Kirsty Strickland: Tabloid leering at violent crime is leading to a race to bottom

This article was originally printed in the National Newspaper on 2 October 2015.

REEVA Steenkamp was shot and killed by her partner Oscar Pistorius on February 14, 2014. It was Valentine’s Day, and also the day women danced in the streets for the One Billion Rising campaign to end violence against women. The day after she was killed, The Sun newspaper ran a now infamous front page. Reeva’s swimsuit clad image, staring out to the reader, juxtaposed with the headline: 3 shots. Screams. Silence. 3 more shots.

Reaction to the cover was as swift as it was furious. Columnist Suzanne Moore said it was “lechery over a corpse” while former deputy prime minister John Prescott called for a boycott of the paper. People were concerned about what some called the “rebranding of domestic violence as entertainment”.

This retelling of violence as click-bait or tabloid-fodder isn’t only a feature of high-profile cases like Reeva’s, however.

You may have read about Maria Nemeth last week. She was found dead in her apartment in Florida. Her boyfriend Fidel Lopez, 24, phoned the emergency services, stating his girlfriend was having trouble breathing. When they arrived they found Maria, 31, on the bathroom floor mutilated. Her injuries were extensive and savage. She had been assaulted with various objects and pronounced dead at the scene. Afterwards, Lopez admitted he had ‘flew into a rage’ and ‘became a monster’. He told how he assaulted Nemeth while she was unconscious before disembowelling her. He claimed the catalyst for his violence was Maria said her ex’s name while she and Lopez were having sex.

That detail is what made the headlines. It was picked up on and repeated. The Metro went with “Man ripped out girlfriends’ intestines because she screamed ex’s name during sex” . The Sun meanwhile, got straight to what it thought was the point with “Killed for calling out ex’s name during sex”.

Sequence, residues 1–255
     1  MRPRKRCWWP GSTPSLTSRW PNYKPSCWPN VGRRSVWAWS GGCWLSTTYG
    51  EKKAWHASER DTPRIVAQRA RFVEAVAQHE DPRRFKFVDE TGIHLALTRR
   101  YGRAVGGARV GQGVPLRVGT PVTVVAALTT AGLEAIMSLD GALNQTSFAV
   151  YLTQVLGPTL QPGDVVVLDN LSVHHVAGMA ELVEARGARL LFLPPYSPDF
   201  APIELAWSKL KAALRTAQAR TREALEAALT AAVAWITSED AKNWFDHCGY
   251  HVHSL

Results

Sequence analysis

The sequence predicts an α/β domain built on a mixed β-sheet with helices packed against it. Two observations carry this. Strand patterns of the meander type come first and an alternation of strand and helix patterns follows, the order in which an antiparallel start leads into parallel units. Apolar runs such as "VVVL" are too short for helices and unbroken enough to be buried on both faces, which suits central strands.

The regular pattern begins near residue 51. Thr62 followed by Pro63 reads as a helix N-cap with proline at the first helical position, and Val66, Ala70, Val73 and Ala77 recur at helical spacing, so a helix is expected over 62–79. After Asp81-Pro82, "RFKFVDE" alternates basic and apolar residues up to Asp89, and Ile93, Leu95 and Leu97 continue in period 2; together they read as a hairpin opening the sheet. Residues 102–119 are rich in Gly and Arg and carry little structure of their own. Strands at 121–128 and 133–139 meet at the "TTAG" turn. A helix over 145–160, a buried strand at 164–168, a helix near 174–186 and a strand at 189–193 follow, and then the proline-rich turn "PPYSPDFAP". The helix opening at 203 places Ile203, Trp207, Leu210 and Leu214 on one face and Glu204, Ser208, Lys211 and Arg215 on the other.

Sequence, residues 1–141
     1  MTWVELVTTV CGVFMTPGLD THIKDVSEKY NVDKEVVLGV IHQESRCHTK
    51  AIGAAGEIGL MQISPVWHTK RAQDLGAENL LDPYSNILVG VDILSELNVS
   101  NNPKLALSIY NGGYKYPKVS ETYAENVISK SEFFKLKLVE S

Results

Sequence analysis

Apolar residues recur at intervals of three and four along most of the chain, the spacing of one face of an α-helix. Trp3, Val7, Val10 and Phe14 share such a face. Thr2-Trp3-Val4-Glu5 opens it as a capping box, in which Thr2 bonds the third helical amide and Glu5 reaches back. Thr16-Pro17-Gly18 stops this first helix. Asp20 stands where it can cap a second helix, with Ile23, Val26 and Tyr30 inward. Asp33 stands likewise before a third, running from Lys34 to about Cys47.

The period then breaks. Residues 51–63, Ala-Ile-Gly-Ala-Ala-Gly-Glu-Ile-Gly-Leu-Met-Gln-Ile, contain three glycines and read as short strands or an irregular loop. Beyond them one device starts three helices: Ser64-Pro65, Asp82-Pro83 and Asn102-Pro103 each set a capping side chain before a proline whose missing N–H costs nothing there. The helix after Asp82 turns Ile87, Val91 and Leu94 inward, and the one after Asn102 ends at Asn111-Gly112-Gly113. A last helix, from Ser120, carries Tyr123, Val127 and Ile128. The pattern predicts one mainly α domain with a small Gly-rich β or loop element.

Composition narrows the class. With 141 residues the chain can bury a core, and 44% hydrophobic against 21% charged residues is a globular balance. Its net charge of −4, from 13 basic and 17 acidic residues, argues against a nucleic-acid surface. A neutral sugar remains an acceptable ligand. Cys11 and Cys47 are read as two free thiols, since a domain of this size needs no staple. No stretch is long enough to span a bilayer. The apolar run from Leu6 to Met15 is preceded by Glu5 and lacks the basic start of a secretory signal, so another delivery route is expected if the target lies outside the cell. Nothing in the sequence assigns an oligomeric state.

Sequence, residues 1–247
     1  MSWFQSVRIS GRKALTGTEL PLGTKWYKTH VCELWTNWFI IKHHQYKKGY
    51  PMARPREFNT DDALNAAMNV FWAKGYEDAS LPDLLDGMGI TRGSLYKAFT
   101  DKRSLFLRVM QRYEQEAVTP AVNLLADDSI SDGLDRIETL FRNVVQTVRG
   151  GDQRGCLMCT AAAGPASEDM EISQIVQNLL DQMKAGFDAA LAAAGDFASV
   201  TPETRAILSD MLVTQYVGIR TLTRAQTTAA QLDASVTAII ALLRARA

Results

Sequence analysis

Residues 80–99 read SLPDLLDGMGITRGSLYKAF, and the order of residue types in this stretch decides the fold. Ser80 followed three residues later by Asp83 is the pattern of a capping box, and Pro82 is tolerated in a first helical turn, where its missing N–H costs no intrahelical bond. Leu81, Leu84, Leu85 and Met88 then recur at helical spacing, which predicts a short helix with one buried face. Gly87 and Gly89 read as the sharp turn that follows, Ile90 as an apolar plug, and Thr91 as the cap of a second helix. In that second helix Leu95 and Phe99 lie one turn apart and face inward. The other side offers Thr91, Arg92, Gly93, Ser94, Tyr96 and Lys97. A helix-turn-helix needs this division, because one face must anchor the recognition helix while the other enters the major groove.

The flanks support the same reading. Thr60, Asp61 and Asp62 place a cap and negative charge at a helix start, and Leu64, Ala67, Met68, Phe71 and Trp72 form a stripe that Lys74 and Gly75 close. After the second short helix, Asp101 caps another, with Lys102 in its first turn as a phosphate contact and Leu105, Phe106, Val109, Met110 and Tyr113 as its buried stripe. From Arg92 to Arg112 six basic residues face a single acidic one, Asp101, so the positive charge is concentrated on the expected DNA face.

You see the effect emphasising details like that have when reading through the comments. Many express sympathy, but for others headline detail is what needs to be discussed. “She said another guy’s name? That’s enough to set anyone off”, “She won’t be making that mistake again” .

Typical of the internet? Perhaps. But it’s a product of a culture that seeks to excuse certain violence if there is the merest suggestion the victim had stepped out of line. Pick your crime – murder, rape, domestic abuse – and then look for the oft repeated get-out clauses. She was drunk. She was frigid. She didn’t pay him attention. She nagged.

The tabloidisation of violent crime is toxic. It’s what drives editors to put a bikini shot of a dead woman on its front page while her body lies cold in a morgue. It’s the one-upmanship of gore, who prints the most graphic pictures, the bloodiest details.

The implements used to violate Maria Nemeth weren’t just mentioned, they were emboldened. The state of her body was described, her many injuries recounted. In all of this detail, all of the brutality and out-of-context violence, nothing makes sense. It’s put in the box marked ‘mindless acts of violence’ and we all move on.

This means the scale of the problem of violence against women goes unchecked. Good reporting should join up the dots in terms of gender-based violence and its social consequences.

Is gore and unfiltered death really what readers want? Maybe. But if our appetite for ever-more violent descriptions and imagery is what is fuelling this race to the bottom then that’s surely a trend we need to buck. There will be more Marias, more Reevas. In the US the chances of a woman facing violence by an intimate or ex-partner are one in three. Across the UK two women a week are killed by a partner or ex.

In December the Write to End Violence Against Women Awards will be held at the Scottish Parliament. The awards and campaign will celebrate journalists, bloggers and writers who seek to report violence against women in a more responsible way.

Through recognising and rewarding that higher standard of writing the hope is other reporters will be encouraged to do better and take more care.

You can get involved by nominating journalists and bloggers who are getting it right and those who deserve the Wooden Spoon Award. The deadline for nominations is October 31. Go to and tweet using #WriteToEndVAW.

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